Sunday, September 27, 2009

Closing in the Hulls

It was a good feeling earlier this week when I permanently installed both cabin roofs - at last completely closing in the hulls and marking the last big pieces to go into the construction of them. They had been cut and test-fitted as I wrote about in a previous post a few weeks ago, but now they are glued on, trimmed and edge-shaped, and awaiting fiberglass sheathing.

Here's a view of the completed undersides of the roof panels taken earlier this week. The longitudinal carlins were glued and filleted in place to provide the necessary stiffness and to define the sides of the front opening hatches and the outboard side of the companionway hatches.

The carlins, combined with the slight camber I've addd to the tops, has made them incredibly stiff even before fiberglassing. The next step, other than sheathing these, is to begin building the landings for the forward hatches and the framing for the companionway hatches and dropboards.

Fiberglassing the Mast

It's been an unbelievably long time since I finished building the mast and last posted about it here in (October 2007). Things do get in the way, despite best intentions when undertaking a project like this! Anyway, the mast has been hanging from the rafters all this time, covered in the dust of building and fairing the hulls. I lowered it down last week and pulled it out enough to get to the masthead end and begin the tedious task of sheathing it in fiberglass:

Round objects are not the easiest things to fiberglass, but it's not as bad as it would seem if you plan in advance and use the masking tape method to avoid epoxy runs and ragged fiberglass cloth overlaps. As seen above, the masthead section has the additional complication of the shroud hounds to go around, as well as the mast cap and crane.

The other sections, as shown below, are simply round and are best done in by going around half of the circumference at time. After the epoxy cures, the tape is cut away, a weave-filling second coat is applied, and the mast is rotated 180 degrees to complete the other side. I'm working in 4-foot sections, as the roll of 6-oz. glass cloth I have on hand is 48 inches wide.

There are specially-made fiberglass sleeves that fit on like a sock that some people use for processes like sheathing round masts, but with the hounds and mast step protruding from each end of the spar, it seemed to me like this might be difficult to get on. In addition, these sleeves are much more expensive than ordinary glass cloth. At any rate, by using the taping method, this is a straightforward operation and will result in neatly-sheathed spar when it's all complete and the cloth has been filled, faired and sanded. The mast will be painted the same Off-White as the decks.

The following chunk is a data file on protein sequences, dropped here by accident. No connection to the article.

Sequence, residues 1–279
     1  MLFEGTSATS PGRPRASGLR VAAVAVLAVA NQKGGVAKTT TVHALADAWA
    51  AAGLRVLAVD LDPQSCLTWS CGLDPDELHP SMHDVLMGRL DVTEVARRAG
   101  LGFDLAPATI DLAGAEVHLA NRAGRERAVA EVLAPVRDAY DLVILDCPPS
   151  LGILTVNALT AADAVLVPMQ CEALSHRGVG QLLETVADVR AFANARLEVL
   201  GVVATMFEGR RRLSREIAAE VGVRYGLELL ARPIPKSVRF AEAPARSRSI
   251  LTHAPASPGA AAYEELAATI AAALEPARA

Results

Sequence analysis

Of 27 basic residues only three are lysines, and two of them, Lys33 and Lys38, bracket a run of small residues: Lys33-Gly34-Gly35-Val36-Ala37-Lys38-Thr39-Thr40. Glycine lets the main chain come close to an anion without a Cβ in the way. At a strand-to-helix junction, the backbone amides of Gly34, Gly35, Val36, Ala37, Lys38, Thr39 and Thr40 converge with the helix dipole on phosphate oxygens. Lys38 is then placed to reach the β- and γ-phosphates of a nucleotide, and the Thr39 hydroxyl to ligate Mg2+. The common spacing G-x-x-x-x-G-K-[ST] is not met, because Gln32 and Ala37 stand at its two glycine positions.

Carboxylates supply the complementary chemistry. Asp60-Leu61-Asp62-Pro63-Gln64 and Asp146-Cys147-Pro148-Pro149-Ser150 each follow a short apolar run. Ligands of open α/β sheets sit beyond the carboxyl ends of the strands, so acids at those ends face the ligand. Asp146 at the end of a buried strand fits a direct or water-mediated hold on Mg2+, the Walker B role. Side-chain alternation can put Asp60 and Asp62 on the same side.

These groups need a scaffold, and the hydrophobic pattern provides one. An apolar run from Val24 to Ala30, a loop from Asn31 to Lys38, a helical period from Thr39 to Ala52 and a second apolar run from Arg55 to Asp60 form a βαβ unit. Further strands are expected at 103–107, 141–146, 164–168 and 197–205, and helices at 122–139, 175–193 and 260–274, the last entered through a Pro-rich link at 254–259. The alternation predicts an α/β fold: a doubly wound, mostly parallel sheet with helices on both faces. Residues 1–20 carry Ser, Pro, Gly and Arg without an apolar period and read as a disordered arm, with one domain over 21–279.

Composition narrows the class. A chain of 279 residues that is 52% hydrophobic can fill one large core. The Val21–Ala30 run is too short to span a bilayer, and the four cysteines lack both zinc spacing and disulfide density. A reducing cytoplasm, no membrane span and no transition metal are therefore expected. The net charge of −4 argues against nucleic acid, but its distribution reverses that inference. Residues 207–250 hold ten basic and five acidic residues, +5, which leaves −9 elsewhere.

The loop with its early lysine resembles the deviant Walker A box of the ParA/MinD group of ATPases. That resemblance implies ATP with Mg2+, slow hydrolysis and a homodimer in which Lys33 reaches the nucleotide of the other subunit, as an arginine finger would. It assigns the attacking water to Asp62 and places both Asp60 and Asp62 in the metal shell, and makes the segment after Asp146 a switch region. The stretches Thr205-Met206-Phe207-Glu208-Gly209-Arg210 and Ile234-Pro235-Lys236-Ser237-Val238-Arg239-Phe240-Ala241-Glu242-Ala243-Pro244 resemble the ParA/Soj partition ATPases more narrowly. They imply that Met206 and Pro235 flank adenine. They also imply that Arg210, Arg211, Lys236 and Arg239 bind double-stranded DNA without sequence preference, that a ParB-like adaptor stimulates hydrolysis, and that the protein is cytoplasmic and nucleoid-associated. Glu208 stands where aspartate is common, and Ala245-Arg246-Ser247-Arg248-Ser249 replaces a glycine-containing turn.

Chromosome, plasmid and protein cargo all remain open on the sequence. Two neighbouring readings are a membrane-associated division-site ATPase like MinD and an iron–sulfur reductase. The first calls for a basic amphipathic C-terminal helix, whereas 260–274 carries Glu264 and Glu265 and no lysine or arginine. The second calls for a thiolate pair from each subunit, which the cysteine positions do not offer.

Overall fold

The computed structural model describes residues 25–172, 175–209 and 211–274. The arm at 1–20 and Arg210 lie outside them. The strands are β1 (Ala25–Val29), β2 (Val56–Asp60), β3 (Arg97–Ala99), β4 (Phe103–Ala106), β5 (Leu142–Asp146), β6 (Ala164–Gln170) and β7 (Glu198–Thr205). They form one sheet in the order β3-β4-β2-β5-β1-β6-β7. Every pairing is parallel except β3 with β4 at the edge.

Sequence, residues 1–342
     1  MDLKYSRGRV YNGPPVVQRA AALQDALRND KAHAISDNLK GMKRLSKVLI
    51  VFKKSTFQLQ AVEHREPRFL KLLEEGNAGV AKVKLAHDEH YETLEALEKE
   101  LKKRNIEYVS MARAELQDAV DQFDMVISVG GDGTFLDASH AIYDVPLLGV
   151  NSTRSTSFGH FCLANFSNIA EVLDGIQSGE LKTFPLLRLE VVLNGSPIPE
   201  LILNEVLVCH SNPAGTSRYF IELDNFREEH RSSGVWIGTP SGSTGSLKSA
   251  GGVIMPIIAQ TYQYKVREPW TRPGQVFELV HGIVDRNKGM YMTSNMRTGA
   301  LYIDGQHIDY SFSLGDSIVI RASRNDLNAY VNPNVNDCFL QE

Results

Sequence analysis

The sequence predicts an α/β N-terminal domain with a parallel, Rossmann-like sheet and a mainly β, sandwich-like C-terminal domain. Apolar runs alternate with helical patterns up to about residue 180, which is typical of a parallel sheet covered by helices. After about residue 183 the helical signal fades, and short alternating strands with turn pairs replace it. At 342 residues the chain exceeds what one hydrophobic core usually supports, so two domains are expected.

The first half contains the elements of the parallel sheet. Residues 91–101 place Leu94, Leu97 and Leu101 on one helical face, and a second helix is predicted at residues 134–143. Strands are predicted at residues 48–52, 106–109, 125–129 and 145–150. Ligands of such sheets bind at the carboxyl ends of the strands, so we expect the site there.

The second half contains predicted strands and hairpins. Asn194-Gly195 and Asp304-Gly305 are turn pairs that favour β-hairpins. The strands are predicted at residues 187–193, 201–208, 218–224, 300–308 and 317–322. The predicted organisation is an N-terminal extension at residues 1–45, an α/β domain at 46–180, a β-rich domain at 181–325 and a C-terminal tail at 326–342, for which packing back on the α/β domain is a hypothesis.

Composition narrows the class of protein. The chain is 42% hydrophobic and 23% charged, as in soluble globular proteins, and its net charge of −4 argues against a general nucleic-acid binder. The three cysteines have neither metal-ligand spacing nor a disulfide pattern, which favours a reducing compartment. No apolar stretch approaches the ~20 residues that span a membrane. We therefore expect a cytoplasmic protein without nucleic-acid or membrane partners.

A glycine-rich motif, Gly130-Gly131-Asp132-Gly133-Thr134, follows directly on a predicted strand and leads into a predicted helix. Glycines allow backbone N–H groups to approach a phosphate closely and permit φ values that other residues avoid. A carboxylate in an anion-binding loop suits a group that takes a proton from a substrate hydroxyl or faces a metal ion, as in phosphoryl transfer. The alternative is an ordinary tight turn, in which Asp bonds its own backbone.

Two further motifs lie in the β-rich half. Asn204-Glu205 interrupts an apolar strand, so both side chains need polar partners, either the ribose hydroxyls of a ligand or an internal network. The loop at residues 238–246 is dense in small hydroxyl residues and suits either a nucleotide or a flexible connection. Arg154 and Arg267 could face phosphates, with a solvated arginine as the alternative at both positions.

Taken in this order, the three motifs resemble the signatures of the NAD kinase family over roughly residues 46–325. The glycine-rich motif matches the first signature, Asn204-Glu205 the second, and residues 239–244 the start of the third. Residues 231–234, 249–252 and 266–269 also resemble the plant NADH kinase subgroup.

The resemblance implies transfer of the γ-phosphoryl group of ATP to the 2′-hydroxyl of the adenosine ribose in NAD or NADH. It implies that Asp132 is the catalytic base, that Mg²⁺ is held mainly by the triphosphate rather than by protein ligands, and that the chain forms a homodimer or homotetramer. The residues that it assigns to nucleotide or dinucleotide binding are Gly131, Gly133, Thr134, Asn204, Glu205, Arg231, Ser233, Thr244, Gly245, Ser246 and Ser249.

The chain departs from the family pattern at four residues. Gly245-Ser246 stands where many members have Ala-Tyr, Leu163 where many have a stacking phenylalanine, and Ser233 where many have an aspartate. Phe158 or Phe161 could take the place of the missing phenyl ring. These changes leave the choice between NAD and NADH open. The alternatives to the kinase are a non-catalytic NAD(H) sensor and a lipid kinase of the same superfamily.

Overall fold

Below, the top 12 feet or so is now sheathed. The short PVC pipes protruding from the masthead are the wiring conduits, which will be cut shorter and capped off with PVC elbows to keep rain out once the wiring is run.

Friday, September 04, 2009

Emerging from the Shed

Well, part of the way at least. Today I moved the hulls out approximately 10 feet. This was made possible because of finishing the foredecks this week - not the final coat of paint, but enough to protect them and allow mounting of the forward hatch covers and inspection plates.

I've been wanting to move the hulls out this far for awhile now, to make it easier to finish the cabin interiors and fair and paint the cabins and stern decks. Controlling dust in the back part of the shed has been a continuous issue.

Before proceeding further with painting the decks, I first had to lay out the non-skid patterns for the walk surfaces. Most of the foredeck area got non-skid, except for where the crossbeams go and a 1-inch margin around the toe rails, hatches, inspection plates, etc.

The non-skid I used was the Petit non-skid additive - really just fine, uniformly sized grains of sand. I mix it thoroughly into the paint and apply two coats with a foam roller, allowing to dry overnight between coats.

Additional fill coats over the non-skid that are applied when painting the rest of the deck surfaces help to fill it in some and take the edge off, while still leaving it very effective. The decks will get a couple more coats in the final finishing stage. It's a bit hard to discern the non-skid areas in these photos, but they are quite visible despite the fact that everything is the same color. For ease of maintenance and to keep the decks cooler, I chose to paint all deck areas the same off white.

Below you can see the forward hatch covers and the horizontal partitions that fit in the forward holds after a final coat of paint was applied to these.

After painting the foredecks, I also had to bring the topside paint up to the cut line at the bottom edge of the sheer stringer. I had left the top 3-4 inches bare while working on fiberglassing the decks, to allow bonding the deck glass to the layer already on the stringers. I like the way the green contrasts with the off white. The topsides will also get additional paint coats when the hulls are completely finished.

Today I finished the assembly of the two-wheeled carts I had started early in the build.

The V-cradle of the cart fit to the mid-section of the hull perfectly. With the carts strapped in place just slightly aft of the balance point, the hull was easy to move single-handed. I raised it up with my webbing straps hung from the rafters to lift it out of the stern cradle.

Since I had the hulls on wheels and could move them easily, I pulled the port hull out farther to take this photo. It's hard to photograph a 26-foot boat in a 28-foot shed!

Now that the bows at least can see the light of day, I feel like I'm getting closer to moving the hulls all the way out. The next step is to get the cabin interiors finished so I can install portlights, the cabin roofs and hatches, and build the companionways.